If you don’t have time to read the book, peruse The Washington Post’s review by longtime book critic Jonathan Yardley. Yardley has been the Post’s book critic since 1981 (when Thurmond was a spry 78) and has won the Pulitzer Prize for Distinguished Criticism. His decades of service have earned him the right to forgo any temptation to mince words or thoughts.

    Lest anyone wonder where Yardley is coming from, he notes up front that Thurmond (pictured) was “known primarily during his long career for racism, cynicism, opportunism, hypocrisy and ruthlessness.” And he soon calls him “one of the most perfervid racists of the 20th century.” But Yardley’s review is more than mere description as he provides evidence of his assertions.

    “Contrary to the warm and fuzzy views of Thurmond that emerged toward the end of his very long life…,” notes Yardley, “there is little that sheds any credit on him. What now seems fairly certain is that he will be remembered as a dour segregationist who, while in his early 20s, impregnated a 16-year-old [African American] girl employed in his family’s household.”

    “No doubt an assiduous researcher could uncover an even more blatant instance of hypocrisy in American politics,” Yardley continues, “but it is difficult to imagine what that might be.”

  • June 11, 2012

    by John Schachter

    Let me make one thing perfectly clear, Richard Nixon was worse than we ever knew or imagined. That’s the key takeaway from Bob Woodward and Carl Bernstein’s latest work in The Washington Post, some 36 years after their last joint byline. And as more and more tapes get released from Nixon’s time in office, we continue to see the pettiness, meanness, and darkness that consumed him.

    The intrepid reporting duo detail Nixon’s wars on many fronts – against the Democrats, the anti-war movement, the media, and history itself. But it’s Nixon’s war against the Constitution and the entire American system of justice that dominates his record.

    As we approach the 40th anniversary of Nixon’s astounding re-election in 1972 (and the 38th anniversary of his resignation), the enormity of his crimes and heinous actions have only become clearer over time.

    Former Senate Judiciary Committee Chairman Sam Ervin (D-N.C.) said Watergate was Nixon’s attempt to “destroy, insofar as the presidential election of 1972 was concerned, the integrity of the process by which the President of the United States is nominated and elected.” But Woodward and Bernstein say that “Watergate was far more than that. At its most virulent, Watergate was a brazen and daring assault, led by Nixon himself, against the heart of American democracy: the Constitution, our system of free elections, the rule of law.”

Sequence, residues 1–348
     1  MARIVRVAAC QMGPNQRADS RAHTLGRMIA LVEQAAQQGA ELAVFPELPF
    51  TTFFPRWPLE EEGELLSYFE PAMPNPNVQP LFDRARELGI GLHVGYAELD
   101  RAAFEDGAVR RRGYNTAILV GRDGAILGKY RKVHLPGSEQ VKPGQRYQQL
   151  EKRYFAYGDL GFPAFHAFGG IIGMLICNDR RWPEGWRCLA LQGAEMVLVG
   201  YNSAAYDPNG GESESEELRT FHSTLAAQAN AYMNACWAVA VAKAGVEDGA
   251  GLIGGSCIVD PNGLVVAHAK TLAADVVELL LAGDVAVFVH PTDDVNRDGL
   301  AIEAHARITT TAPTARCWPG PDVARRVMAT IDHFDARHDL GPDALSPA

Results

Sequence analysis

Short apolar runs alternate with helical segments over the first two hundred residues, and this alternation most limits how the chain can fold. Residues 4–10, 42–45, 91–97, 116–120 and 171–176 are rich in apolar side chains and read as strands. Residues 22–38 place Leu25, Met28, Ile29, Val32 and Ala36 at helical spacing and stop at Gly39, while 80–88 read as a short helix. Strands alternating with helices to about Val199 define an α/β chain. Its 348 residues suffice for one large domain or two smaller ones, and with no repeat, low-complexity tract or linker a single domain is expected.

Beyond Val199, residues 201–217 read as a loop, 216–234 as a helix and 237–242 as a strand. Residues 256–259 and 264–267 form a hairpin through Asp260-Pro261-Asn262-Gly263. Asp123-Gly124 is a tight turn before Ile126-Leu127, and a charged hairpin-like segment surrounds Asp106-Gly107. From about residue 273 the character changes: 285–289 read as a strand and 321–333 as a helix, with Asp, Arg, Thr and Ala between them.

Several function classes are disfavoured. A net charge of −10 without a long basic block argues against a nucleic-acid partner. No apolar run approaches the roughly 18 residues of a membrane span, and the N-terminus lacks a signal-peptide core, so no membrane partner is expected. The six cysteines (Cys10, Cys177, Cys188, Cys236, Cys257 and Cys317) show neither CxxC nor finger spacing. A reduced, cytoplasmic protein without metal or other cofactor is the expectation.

• April 18, 2012

    by Jeremy Leaming

    Do we need another chart or study or poll to remind us of how clueless a nation we can be at times? More than likely the answer is a resounding “no.” 

    But nonetheless, The Washington Post’s Chris Cillizza points us to 2010 Pew poll, which shows that many do not know the basics about the nation’s top court. According to the survey, 54 percent do not know who the Supreme Court’s Chief Justice is, and eight percent believe that Thurgood Marshall, who died in 1993, is the Chief Justice. At the time, four percent thought Sen. Majority Leader Harry Reid was the Chief Justice.

    Cillizza suggests that a survey might not look so sad now, especially since the high court’s opinion in Citizens United v. FEC, and recent oral argument in the health care reform law case, have garnered widespread attention. Still Cillizza concludes we must remember, “Regular people are simply not engaged – they don’t know or care – about the intricacies of the government in a way that people who live inside the Beltway and spend their lives in politics are.”

    But really, are we talking about the “intricacies of the government”? Yes, there are state Supreme Courts, but there’s only one U.S. Supreme Court with nine sitting justices, including the chief justice – that’s John Roberts Jr.